decided: June 26, 1985.
PAUL H. RIKE, APPELLEE,
COMMONWEALTH OF PENNSYLVANIA, SECRETARY OF EDUCATION AND PETERS TOWNSHIP SCHOOL DISTRICT. APPEAL OF PETERS TOWNSHIP SCHOOL DISTRICT. PAUL H. RIKE, APPELLEE, V. COMMONWEALTH OF PENNSYLVANIA, SECRETARY OF EDUCATION AND PETERS TOWNSHIP SCHOOL DISTRICT. APPEAL OF COMMONWEALTH OF PENNSYLVANIA, SECRETARY OF EDUCATION
No. 48 W.D. Appeal Docket, 1984, Appeal from the Opinion and order of the Commonwealth Court of Pennsylvania dated September 20, 1983 at No. 267 C.D. 1982 which reversed and remanded the order of the Secretary of Education at No. 21-81 dated January 7, 1982,
Nix, C.j., and Larsen, Flaherty, McDermott, Hutchinson, Zappala and Papadakos, JJ. Larsen, J., filed a dissenting opinion.
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OPINION OF THE COURT
Appellee Rike was accused by a female employee of the school district where he was employed, of sexual "harassment"
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in the form of comments believed by their recipient to embody unwelcome sexual invitations. Following an investigation of the complaint by the district superintendent, Rike was notified by letter that the superintendent was "considering a recommendation to the Board of Directors of the Peters Township School District that [Rike's] contract be terminated pursuant to the provisions of Section 1122 of the Public School Code of 1949 as amended."*fn* Notice of the hearing advised Rike of the charges against him; the date, time and place of the hearing; and that the hearing would be conducted in accordance with procedures legislatively prescribed in Section 1127 of the Public School Code, 24 P.S. § 11-1127 (1979), i.e., that the Board would hear testimony of the school administration and its witnesses and would afford Rike the opportunity to present testimony and cross examine witnesses, that testimony would be recorded by a disinterested public stenographer, and that Rike could have representation at the hearing. The notice further advised that the Board would fully, impartially and unbiasedly consider the charges and the evidence to determine whether Rike's employment should be continued "or whether some other discipline is warranted and if so, the type of discipline to be imposed." At the hearing, Rike admitted making the comments complained of. After the hearing, bifurcated as to the questions of fact and discipline, all eight Board members present found that Rike had committed acts of cruelty and immorality; and, by a vote of 5-3, the hearing Board suspended Rike without pay or other benefits for the remainder of the 1981-1982 school year. Later, this adjudication was ratified by a 6-3 vote of the entire Board.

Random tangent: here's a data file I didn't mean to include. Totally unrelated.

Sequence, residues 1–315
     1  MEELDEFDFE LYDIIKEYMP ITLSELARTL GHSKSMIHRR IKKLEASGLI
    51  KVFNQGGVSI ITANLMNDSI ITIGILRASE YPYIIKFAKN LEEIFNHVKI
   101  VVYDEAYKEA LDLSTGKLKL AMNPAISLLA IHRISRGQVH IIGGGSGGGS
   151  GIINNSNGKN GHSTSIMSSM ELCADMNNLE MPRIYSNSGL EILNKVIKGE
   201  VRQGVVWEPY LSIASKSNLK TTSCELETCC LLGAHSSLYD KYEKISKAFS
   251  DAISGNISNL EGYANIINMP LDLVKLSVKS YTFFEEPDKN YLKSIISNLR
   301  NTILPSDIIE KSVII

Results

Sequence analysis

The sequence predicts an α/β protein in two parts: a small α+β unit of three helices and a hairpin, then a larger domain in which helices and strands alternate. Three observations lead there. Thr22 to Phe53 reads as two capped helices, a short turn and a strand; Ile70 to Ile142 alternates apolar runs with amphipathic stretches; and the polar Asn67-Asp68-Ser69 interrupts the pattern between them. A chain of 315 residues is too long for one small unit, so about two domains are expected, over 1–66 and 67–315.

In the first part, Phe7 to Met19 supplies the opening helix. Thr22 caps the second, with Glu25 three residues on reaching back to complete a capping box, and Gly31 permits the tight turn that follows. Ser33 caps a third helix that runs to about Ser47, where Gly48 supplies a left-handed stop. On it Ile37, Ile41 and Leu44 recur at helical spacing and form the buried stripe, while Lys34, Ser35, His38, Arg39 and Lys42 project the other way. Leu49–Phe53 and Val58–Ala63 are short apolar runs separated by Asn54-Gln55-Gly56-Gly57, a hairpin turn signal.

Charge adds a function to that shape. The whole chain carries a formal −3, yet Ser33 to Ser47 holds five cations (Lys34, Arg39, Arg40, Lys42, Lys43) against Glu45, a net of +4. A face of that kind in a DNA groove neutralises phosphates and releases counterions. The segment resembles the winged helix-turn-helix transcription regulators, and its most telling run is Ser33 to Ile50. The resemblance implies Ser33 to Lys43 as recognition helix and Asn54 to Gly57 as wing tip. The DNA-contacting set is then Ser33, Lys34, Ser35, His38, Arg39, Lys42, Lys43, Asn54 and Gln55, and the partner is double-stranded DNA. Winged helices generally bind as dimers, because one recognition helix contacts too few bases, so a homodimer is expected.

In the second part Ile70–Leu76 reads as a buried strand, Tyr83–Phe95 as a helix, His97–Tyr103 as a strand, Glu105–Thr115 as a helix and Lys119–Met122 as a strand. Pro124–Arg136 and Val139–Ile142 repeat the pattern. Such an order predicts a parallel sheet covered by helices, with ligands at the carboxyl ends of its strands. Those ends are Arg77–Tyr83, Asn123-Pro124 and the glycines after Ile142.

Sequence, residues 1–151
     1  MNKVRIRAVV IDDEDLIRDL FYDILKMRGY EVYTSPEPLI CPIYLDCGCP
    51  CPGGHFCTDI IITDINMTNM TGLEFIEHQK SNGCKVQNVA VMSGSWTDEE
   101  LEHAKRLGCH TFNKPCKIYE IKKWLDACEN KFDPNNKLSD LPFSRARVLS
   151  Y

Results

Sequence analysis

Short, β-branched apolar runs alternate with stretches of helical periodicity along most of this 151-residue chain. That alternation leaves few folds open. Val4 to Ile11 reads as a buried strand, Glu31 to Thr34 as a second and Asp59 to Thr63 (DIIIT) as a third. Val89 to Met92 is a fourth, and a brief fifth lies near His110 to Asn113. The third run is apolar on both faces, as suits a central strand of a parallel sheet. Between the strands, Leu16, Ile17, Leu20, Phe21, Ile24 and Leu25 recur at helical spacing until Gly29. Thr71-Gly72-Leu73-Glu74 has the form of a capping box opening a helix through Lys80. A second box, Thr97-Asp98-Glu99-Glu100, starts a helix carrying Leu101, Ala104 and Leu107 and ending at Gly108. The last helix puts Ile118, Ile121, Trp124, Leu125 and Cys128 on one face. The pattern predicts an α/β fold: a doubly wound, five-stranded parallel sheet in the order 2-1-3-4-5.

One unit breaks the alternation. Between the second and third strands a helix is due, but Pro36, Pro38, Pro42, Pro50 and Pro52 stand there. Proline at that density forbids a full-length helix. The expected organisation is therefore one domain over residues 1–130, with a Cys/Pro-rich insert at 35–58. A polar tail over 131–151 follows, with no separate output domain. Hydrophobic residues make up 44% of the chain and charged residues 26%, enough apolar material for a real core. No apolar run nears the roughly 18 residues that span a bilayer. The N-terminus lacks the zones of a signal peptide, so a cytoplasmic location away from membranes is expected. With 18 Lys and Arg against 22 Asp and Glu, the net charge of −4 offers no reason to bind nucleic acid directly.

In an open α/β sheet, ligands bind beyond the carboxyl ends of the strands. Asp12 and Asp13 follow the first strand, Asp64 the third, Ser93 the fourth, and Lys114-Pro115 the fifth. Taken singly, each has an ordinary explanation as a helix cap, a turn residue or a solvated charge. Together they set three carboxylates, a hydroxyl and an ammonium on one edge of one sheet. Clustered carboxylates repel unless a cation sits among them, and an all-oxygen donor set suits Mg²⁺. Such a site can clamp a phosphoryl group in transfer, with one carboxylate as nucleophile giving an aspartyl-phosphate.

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Challenging the Board's action on the grounds (1) that the Board had no power to suspend under the Public School Code and (2) that no discipline could be imposed in the absence of two-thirds approval of the Board, Rike appealed to the Secretary of Education. The Secretary dismissed the appeal for lack of jurisdiction. Commonwealth Court, 77 Pa. Commw. 237, 465 A.2d 720, reversed, held the Board was without authority to impose a disciplinary suspension after a dismissal hearing where there were not enough votes to suspend, and ordered the record remanded to the Secretary with instructions to enter an order reversing Rike's suspension. The Commonwealth, Secretary of Education and the Peters Township School District were granted allowance to appeal. The Pennsylvania School Boards Association has participated in this appeal as amicus curiae. For the reasons that follow, we reverse.
School boards are local agencies, 2 Pa.C.S.A. § 101, and jurisdiction of appeals therefrom is vested generally in the courts of common pleas, 42 Pa.C.S.A. § 933(a)(2). The Public School Code provides exceptions to this appellate jurisdiction of common pleas court for decisions of school boards dismissing or demoting tenured teachers, 24 P.S. §§ 11-1131, 11-1151, and for disputes over accumulated sick leave, 24 P.S. § 11-1154. In these cases, jurisdiction of the appeals is vested in the Secretary of Education. Id. As Rike was given a disciplinary suspension without pay or other benefits for the remainder of the school year, appeal of the Board's adjudication was not within the jurisdiction of the Secretary.
Rike's argument that jurisdiction of his appeal is vested in the Secretary because the suspension was imposed for causes justifying dismissal enumerated in Section 1122 of the Code, 24 P.S. § 11-1122, and after a dismissal hearing was conducted according to the procedures mandated in Section 1127, 24 P.S. § 11-1127, when dismissal of a tenured teacher is sought, is unavailing. Simply stated, an appeal lies, not from the proceeding, but from the adjudication. Instantly, the adjudication was that Rike be suspended
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for the balance of the school year. A suspension, being a temporary form of discipline, is not a dismissal, which is a complete and permanent termination of employment. As the Secretary's administratively appellate jurisdiction is limited to demotions and dismissals, the Secretary cannot have jurisdiction of appeals from orders imposing disciplinary suspensions.